Basically, it’s kidnapping.
Were the Border Patrol agents wearing MAGA hats when they grabbed Rosa Maria Hernandez as she left her hospital room?
“It’s a shocking case — the most outrageous case I’ve ever seen. Is it a preview of things to come?” ACLU attorney Michael Tan said to me about the incident, shortly after the civil-rights group filed suit against the federal government demanding the 10-year-old child’s release from a detention facility in Texas, 150 miles from her home in Laredo.
Rosa Maria, who has cerebral palsy, was arrested at a children’s hospital on Oct. 25, the day after she had emergency gall bladder surgery. She’s been at the detention center for a week now, under the bureaucratic “care” of the Office of Refugee Resettlement, which wants to ship her back to Mexico.
The child’s problem is that, although she has lived in the United States since she was three months old, she’s illegal. Her mother brought her into the U.S. — from Nuevo Laredo to Laredo — so she could get better medical care.
But there’s no mercy for the illegals. Last week, Rosa Maria’s ambulance, which was taking her to a children’s hospital in Corpus Christi in the company of an adult cousin, a U.S. citizen, was stopped at an immigration checkpoint. The Border Patrol agents demanded the little girl’s papers. She had none. They determined that she was illegal and followed the ambulance to the hospital; agents stood outside the child’s door for a day.
According to the ACLU:
“Throughout the time that Rosa Maria was in the hospital, male Border Patrol agents followed her every move, sitting next to her in the waiting room, remaining in a nurse’s screening room while her vitals were taken, and even peeking into the operation area while she was awaiting surgery. The agents stayed in the hospital over the objections of hospital staff. . . .
“Following surgery, Rosa Maria was experiencing pain and needed to stay in a recovery room overnight. Agents followed her to the recovery room and stood guard at her door until she was discharged. They physically took her into custody, directly from her hospital bed, on October 25, 2017. The agents did not obtain a warrant before taking Rosa Maria into custody.”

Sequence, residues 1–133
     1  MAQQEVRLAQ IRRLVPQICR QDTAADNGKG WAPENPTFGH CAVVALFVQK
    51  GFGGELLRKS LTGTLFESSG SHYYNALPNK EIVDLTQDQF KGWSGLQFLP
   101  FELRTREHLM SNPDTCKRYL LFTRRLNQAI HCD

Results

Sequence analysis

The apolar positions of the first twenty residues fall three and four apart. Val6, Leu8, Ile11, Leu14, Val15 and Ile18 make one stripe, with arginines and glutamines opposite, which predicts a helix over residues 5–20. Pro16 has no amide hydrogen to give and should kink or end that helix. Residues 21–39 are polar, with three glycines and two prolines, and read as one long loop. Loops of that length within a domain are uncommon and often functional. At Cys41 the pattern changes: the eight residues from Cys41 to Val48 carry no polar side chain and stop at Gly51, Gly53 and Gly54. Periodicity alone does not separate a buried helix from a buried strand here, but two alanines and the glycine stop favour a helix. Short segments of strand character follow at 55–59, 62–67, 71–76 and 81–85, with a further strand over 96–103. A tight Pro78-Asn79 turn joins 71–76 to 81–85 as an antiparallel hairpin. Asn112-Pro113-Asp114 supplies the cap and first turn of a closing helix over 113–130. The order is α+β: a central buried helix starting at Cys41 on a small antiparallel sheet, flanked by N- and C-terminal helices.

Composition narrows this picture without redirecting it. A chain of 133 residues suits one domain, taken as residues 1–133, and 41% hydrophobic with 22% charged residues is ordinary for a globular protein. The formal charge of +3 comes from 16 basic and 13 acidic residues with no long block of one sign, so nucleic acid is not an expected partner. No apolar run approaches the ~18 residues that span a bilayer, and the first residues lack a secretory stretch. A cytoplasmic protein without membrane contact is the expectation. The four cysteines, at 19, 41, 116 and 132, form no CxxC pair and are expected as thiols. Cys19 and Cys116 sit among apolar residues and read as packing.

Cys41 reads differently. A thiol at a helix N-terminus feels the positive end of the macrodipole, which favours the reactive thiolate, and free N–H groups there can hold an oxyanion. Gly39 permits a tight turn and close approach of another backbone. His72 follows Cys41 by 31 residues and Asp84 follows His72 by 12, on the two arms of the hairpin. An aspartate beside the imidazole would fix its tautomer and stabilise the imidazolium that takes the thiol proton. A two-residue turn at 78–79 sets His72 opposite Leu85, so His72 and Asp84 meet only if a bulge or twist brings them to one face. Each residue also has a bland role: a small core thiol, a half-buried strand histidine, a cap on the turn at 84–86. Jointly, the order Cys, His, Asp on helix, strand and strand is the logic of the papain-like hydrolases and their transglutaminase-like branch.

The agents told the cousin that the child and her mother had two options: The mother could agree to Rosa Maria’s immediate deportation to Mexico through “voluntary departure,” or she would be arrested and held in a detention center. The family chose the lesser of these two evils: arrest and detention.
I repeat: The little girl was recovering from gall bladder surgery when she was arrested, i.e., bureaucratically kidnapped. She was still in pain.
Tan told me that when the ACLU initially contacted the Office of Refugee Resettlement to demand Rosa Maria’s immediate release, “we were still hoping it was a case of overzealous Border Patrol agents. If we could get the case before the right people in the agency” — you know, reasonable, sane people — the child would be released back to her family. “That did not happen. The government doubled down.
“This,” he said, “sends a disturbing message.”
He added that the conditions of her detention are “awful, traumatizing. She’s never been apart from her family. Now she’s 150 miles away from them. (Holding her in detention) is especially dire in the wake of surgery. I think what the government is doing here is incredibly cruel. It’s also unconstitutional.”
The ACLU filed suit against the federal government on Oct. 31. It has also filed a temporary restraining order calling for Rosa Maria’s immediate release to her family, stating: “The government cannot plausibly contend that Rosa Maria Hernandez poses any danger to public safety, given that she is a 10-year-old child with serious medical needs who is currently recovering from needed surgery. . . .”
Enough, enough! What’s taking place here is institutional racism, aggravated in the Trump era by an uptick in border patrol aggression. The idea that a 10-year-old girl with cerebral palsy, who has lived in the United States since she was three months old, could be illegal — that any human being, in his or her very existence, could be illegal — freezes my soul. This is bureaucracy vs. humanity.
And it rips open the hypocrisy of the “limited government” crowd, who cringe at resources being used to help people — universal health care, free college tuition — but are OK, I presume, with money being allotted to maintain the various, enormously costly, wars against our enemies.
Rosa Maria Hernandez is not my enemy. And I have no tolerance for government resources being used to dehumanize people. It may be that this young girl’s arrest is partially a function of Trump policies — immigration arrests went up 37 percent shortly after he took office, the Washington Post reported — but, as usual, his reckless feeding of the bigotry of his base illuminates institutional prejudices that were already present.
The ACLU has urged people to call the Office of Refugee Resettlement and demand Rosa Maria’s release, and it has a website to facilitate the process. This may be a good place for us to start reclaiming the country.
Robert Koehler is an award-winning, Chicago-based journalist and nationally syndicated writer. His book, Courage Grows Strong at the Wound is available. Contact him at email@example.com or visit his website at commonwonders.com.
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